In that time, I’ve re-kindled my relationship with my daughter, who was born while I was in prison, and she has blessed me with a granddaughter. I’ve passed my driving test and bought a 4-bedroom house in a beautiful part of the country. I’ve made peace with many of the people I hurt in the past – including the teacher whose moped I stole! And I made amends to a girlfriend from my past, who is now my wife.
While I’m not proud of some of my past, I’m proud of myself now for becoming a responsible, productive member of society.
While I’m not proud of some of my past, I’m proud of myself now for becoming a responsible, productive member of society. One of the most gratifying moments in my recovery was completing my basic Level 1 qualifications in Maths and English. Because of my experience in school, this was the first formal education I’d ever really received. I went on to study both subjects at GCSE level and even completed a Counselling Diploma and Advanced Health and Social Care Level 3 Diploma course. Shortly after that, I won an ‘Achieving Above All Odds’ award at Weston College’s annual Excellence in Business Training Awards, followed by an award for my community work with Broadway Lodge, where I was voted as being in the top three staff by my colleagues.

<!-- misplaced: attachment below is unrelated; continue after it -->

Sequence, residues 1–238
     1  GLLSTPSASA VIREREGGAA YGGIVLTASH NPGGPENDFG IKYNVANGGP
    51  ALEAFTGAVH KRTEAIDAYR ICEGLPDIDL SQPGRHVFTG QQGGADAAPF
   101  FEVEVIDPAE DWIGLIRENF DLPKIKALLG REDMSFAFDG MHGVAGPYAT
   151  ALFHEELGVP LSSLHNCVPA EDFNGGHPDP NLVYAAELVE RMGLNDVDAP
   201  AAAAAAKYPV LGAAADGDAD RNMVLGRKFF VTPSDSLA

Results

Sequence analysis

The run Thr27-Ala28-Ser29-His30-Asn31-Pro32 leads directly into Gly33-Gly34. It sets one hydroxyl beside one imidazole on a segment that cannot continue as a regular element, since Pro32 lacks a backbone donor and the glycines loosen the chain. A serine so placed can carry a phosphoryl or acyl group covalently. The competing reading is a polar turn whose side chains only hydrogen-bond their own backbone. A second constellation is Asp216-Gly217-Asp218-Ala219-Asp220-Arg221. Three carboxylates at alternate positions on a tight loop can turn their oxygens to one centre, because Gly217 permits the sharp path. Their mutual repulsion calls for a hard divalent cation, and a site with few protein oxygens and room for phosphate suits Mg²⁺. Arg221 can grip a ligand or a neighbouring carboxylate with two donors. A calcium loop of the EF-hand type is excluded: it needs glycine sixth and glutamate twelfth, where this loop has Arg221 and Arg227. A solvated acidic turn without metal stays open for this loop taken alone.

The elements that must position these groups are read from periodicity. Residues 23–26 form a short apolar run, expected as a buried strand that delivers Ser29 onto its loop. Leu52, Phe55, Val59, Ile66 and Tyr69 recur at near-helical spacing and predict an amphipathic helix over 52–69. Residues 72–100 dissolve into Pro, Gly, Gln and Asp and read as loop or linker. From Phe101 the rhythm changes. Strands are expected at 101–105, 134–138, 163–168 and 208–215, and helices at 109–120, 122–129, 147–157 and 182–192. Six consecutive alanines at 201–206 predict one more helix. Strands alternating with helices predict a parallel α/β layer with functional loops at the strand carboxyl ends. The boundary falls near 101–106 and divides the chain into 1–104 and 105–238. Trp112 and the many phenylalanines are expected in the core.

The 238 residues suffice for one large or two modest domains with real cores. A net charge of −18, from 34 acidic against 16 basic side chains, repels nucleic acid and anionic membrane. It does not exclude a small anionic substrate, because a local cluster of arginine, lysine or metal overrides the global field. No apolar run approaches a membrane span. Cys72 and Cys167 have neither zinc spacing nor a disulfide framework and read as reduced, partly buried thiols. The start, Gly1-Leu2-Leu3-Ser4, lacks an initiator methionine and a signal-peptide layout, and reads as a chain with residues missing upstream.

I was once the fifth most wanted man in the UK, and I’m now delivering the closing shares at NA conferences in front of thousands. The fact that I’ve come this far and I’m no longer causing harm to myself and others feels like a miracle sometimes, and I couldn’t have done it without the excellent help, love and support of staff and peers at Broadway Lodge.
Very sadly, I’ve lost most of my immediate family. My mum passed away in 2017, my dad passed away in 2019, and my older brother died from a drug overdose in 1997. Most other people I know from my previous life are either dead or still in jail. But I’ve remained strong in my recovery.
If someone you’re close to needs help with an addiction problem, support them as much as you can to engage with drug and alcohol agencies. By the time I came to ask for help, I wasn’t on the script, I didn’t know anything about methadone, suboxone and so on. I had used illicit drugs and alcohol for over 27 years and was resigned to the belief that I’d die from a bullet, a blade or an institution. It was not until I reached out, that I saw there was another way.
Most importantly, show them love. I try to love anyone I interact with until they can at least like themselves. If someone doesn’t like themselves, there’s no way they’ll care about anyone else. God rest my mother, for all that we’d been through, she never stopped loving me and when the time came for me to step up and be a man and son I was there, and I continued to be there until she took her final breath.